Hazel Scott: The Jazzy Classic Performer Who Stood Up Against Racism And Segregation

Jazz singer Hazel Scott

Since time immemorial, history books on the world stage have erased, sidelined, and belittled the great contributions of the womenfolk to world advancement, thankfully, however, many thanks movements like #BlackHistoryMonth the black legacy is rightfully been cemented through its rightful dictates.

Today in honor of #BlackHistoryMonth we salute an amazing woman who stood proudly in her own right, acclaimed singer, actress, and activist Hazel Dorothy Scott!

Even though it’s been decades since Trinidad-born American acclaimed jazz classical entertainer Hazel Scott (June 11, 1920 – 2 October 1981) breath her last, her indelible legacy in the black community still shines ever so brightly. She bravely stood up to the House Un-American Activities Committee and the Hollywood studio machine, thereby shining spotlight on issues of racial injustice and civil rights.

Renowned for her timeless jazzy classical performances which effortlessly dazzled audiences in the United States and beyond, Scott more than carved her legacy as not only the first African American woman to host her own television show but also as an outspoken voice against racial discrimination and segregation, boldly refusing to be intimidated.

Born June 11, 1920, in Port of Spain, Trinidad, an only child of father, R. Thomas Scott, a West African scholar from England, and mother Alma Long Scott, a classically trained pianist and saxophonist, whom she singles out as her “single biggest influence”, owing to her musical background, she spotted her talent quite early and at age 13 kicked off her musical career joining her mother’s band and at age 15,  she made her solo stage debut at the Roseland Ballroom in New York City.

Jazz singer and activist Hazel Scott

Her early musical theatre appearances in New York included the Cotton Club Revue of 1938, Sing Out the News, and The Priorities of 1942.

It was many thanks to her 1939 performances at Café Society in Greenwich Village, that Scott’s career scaled heights. By 1945, she was already an international superstar. She would later delve into Hollywood where she had to combat racial structures, she lent her voice to demanding equal pay and due credit, her call began to break archaic structures, earning her respectable film roles. She ditched roles such as singing maid and also stood firm against unacceptable wardrobe choices, choosing her own outfits. In 1945 her film career came to an end. Some of her credits where she performed herself include notably I Dood It (MGM, 1943), Broadway Rhythm (MGM, 1944) with Lena Horne, in the otherwise all-white cast of The Heat’s On (Columbia, 1943).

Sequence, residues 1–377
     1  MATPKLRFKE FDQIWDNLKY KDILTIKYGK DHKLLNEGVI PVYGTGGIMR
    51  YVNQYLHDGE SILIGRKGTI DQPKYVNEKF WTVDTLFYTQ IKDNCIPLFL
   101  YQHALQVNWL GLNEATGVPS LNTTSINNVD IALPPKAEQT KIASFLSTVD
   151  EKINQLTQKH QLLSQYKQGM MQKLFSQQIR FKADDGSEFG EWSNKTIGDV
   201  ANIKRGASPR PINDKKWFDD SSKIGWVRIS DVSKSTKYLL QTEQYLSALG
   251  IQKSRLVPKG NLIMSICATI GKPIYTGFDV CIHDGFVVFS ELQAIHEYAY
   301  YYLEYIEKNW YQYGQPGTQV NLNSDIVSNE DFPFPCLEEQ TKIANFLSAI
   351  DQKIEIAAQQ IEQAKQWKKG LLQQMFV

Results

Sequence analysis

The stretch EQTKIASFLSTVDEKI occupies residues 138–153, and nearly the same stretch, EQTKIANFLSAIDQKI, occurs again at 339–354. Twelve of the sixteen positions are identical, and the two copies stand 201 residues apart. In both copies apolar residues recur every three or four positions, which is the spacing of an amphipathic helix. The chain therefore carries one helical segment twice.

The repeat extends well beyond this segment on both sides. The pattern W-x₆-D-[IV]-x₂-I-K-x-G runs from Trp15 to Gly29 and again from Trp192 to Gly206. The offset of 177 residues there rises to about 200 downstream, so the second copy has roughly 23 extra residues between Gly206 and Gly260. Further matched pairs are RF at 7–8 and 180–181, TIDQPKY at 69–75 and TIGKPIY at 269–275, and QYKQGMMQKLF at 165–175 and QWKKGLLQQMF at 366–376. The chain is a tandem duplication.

Scott made her television acting debut in 1973, on the ABC daytime soap opera One Life to Live.

Outside movies, she was established as an outspoken voice against racism in music, notably was one of the first performers to refuse to play before segregated audiences, including the stipulation in all her contracts.

“Why would anyone come to hear me, a Negro,” she told Time Magazine, “and refuse to sit beside someone just like me?” When she had just been escorted from the city of Austin, Texas by Texas Rangers owing to her blunt refusal to perform when she discovered that black and white patrons were seated in separate areas.

In 1949, Scott brought a suit against the owners of a Pasco Washington restaurant when a waitress refused to serve Scott and her traveling companion, Mrs. Eunice Wolfe, because “they were Negroes.” Scott’s victory helped African Americans challenge racial discrimination in Spokane, sparking a civil rights movement.

In 1950, Hazel Scott became the first black American to host her own TV show, The Hazel Scott Show. She was also noted for playing TWO grand pianos at the same time in The Heat’s On, 1943, inspiring a new generation of entertainers including Alicia Keys.

Scott passed away from pancreatic cancer on October 2, 1981, she lives a legacy
as one of the best-known African-American entertainers of her generation to leverage her platform to stand against racism and fight for black inclusivity and rights.

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